How would you describe your work and what do you hope to accomplish?
Dames Not Damsels is a nerd feminist podcast that explores nerd culture from a woman’s perspective. Our goal is to bring attention to the female experience in a male dominated culture and relate it back to the world as a whole. By sharing our stories and those of women around us we magnify issues that exist in what should be a joyful experience (nerding out) for all. We hope our work inspires people to examine other’s experiences and learn from them and are inspired to raise up the women in their life.
Why is this work important?
Nerd culture is ever expanding and women in nerd culture is becoming more and more prevalent. As nerd culture is such a male dominated space, there tends to be a dismissive reaction to women, and especially women of color, when they enter it and make it their own. It is important to draw attention to the less pretty aspects of society, including that in nerd culture, in hopes that it may become a more inclusive environment.
Why do you choose your podcast as your main method of engaging with feminism?
Podcasts are an excellent way to have your voice heard. Literally. We have noticed that when you try and speak about feminism, the people you are talking to have a tendency to interject with their own opinions and experiences before hearing yours. Podcasts provide an excellent way for you to speak your mind fully and freely without interruption. They also allow you to reach people outside of your own circle and to get into the ear buds of people across the United States and beyond.
What do you hope people gain from experiencing you podcast?
With each episode we hope that people can see something from a different perspective. We don’t think that people are inherently bad or trying to keep women down. It is a lack of knowledge. Each of our episodes aim to open people’s eyes to what is going on through story telling and discussion. Through new perspectives we hope to help add to a more inclusive and open world.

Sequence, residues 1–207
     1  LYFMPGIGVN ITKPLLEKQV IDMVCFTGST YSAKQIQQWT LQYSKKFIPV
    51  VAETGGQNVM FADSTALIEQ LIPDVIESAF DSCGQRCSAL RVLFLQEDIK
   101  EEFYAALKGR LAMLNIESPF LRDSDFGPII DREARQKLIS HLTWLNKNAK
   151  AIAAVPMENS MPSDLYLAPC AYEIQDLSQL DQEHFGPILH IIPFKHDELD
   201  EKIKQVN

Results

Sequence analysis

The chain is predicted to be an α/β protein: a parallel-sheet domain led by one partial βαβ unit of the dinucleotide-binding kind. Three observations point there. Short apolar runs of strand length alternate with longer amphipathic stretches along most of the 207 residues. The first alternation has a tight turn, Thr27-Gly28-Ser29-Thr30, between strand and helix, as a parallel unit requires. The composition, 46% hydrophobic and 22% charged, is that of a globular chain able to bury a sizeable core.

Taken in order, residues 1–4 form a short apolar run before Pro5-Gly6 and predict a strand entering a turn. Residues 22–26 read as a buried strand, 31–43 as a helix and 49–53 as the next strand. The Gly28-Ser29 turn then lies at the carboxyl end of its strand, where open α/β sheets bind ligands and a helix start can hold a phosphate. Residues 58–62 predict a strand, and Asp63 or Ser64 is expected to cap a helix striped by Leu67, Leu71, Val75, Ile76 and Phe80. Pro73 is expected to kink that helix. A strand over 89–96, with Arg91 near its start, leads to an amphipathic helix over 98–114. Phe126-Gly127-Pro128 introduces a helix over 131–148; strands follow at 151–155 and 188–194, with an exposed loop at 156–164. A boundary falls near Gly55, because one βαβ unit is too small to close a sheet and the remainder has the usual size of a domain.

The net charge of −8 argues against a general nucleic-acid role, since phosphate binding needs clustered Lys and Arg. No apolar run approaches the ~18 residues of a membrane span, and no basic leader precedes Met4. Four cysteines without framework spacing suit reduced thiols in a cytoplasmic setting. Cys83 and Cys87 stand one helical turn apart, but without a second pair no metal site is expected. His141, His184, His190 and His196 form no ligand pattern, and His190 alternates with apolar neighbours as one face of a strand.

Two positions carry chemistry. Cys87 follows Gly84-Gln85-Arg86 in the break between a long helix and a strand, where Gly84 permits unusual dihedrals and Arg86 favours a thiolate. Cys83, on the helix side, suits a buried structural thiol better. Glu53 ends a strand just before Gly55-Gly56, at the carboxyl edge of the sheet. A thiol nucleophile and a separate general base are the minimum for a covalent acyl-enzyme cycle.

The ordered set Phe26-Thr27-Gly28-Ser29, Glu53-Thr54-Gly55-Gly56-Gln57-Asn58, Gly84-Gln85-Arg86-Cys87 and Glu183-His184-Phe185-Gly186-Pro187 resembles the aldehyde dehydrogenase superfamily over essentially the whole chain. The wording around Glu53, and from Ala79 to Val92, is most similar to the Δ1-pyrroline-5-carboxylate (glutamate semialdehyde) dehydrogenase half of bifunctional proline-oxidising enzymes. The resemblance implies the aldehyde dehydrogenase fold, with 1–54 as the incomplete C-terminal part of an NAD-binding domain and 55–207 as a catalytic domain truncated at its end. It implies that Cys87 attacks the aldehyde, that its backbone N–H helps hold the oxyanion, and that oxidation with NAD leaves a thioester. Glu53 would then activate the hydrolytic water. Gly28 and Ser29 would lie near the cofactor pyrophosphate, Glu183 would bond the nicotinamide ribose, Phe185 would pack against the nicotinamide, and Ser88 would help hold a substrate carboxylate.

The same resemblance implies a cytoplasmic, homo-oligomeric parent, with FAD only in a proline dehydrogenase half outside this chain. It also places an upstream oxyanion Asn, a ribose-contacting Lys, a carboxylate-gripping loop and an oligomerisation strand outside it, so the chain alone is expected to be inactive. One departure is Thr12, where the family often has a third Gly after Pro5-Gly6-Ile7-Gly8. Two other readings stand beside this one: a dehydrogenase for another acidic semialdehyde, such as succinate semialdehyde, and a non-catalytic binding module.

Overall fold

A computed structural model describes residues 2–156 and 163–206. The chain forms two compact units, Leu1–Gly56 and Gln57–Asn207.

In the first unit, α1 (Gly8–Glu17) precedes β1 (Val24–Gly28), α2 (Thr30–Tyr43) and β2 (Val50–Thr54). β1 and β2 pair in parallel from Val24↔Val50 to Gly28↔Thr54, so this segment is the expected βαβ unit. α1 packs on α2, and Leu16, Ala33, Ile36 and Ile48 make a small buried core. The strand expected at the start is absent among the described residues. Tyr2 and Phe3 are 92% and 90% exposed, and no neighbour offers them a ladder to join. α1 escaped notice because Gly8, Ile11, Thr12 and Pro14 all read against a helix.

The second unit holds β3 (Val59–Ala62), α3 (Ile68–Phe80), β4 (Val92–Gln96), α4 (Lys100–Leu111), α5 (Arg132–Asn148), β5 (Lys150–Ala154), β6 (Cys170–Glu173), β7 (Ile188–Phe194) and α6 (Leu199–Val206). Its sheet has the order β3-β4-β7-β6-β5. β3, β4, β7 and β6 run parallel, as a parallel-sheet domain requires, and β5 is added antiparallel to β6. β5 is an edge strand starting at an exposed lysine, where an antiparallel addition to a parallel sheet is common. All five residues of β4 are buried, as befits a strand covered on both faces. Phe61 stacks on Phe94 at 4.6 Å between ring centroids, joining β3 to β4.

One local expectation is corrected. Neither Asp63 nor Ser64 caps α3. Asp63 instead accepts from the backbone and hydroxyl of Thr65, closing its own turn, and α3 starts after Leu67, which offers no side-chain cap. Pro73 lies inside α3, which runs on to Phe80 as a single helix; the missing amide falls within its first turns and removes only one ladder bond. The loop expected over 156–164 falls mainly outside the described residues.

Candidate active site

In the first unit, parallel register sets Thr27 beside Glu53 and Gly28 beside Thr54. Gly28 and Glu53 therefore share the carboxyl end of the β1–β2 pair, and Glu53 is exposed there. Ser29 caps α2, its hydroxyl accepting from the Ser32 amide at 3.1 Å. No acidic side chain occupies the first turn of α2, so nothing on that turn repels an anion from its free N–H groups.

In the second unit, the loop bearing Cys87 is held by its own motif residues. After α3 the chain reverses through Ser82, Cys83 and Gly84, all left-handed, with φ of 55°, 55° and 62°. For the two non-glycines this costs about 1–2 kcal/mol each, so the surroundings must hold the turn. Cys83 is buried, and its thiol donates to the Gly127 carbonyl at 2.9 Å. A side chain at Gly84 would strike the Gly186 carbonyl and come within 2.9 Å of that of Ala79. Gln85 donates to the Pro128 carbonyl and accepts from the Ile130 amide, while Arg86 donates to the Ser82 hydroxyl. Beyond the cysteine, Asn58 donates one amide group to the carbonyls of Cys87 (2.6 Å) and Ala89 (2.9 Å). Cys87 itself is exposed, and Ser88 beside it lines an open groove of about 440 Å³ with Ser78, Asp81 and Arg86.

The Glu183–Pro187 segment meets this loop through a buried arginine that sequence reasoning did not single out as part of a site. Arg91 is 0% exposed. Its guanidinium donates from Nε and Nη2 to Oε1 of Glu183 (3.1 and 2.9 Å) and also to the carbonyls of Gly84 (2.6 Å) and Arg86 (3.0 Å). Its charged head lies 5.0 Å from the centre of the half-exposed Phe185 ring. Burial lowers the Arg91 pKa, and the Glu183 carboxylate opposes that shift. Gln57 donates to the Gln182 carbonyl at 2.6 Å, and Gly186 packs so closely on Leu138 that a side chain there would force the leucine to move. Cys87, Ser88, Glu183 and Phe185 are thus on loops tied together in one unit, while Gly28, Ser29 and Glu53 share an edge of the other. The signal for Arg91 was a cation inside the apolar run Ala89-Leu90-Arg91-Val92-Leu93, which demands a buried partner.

How do you enlist your community in shaping the goals and methods of your work?
We end each episode with a call to action for moving forward now that we know something is going on. The goal here is to end on a hopeful note and includes a different method of incorporating acceptance and empowering our listeners in their day-to-day life.
What inspired you to embark on this path?
In our first episode we discussed this in depth. The idea initially came from noticing that in our DnD (dungeons and dragons) campaigns we were not speaking as much as the men. There was a difference in the way we communicated and one of them was that we had been socialized to be polite and to wait our turn to speak. This led to a huge difference in gameplay and our own confidence within the world. Discovering this helped us to speak with more confidence and to speak up for other women as well as to share our experience with our male counterparts so that they were aware of this difference and could allow more space for us to talk. We looked around and realized we were not the only ones with this experience and that there was an opportunity to reach more women in the genre.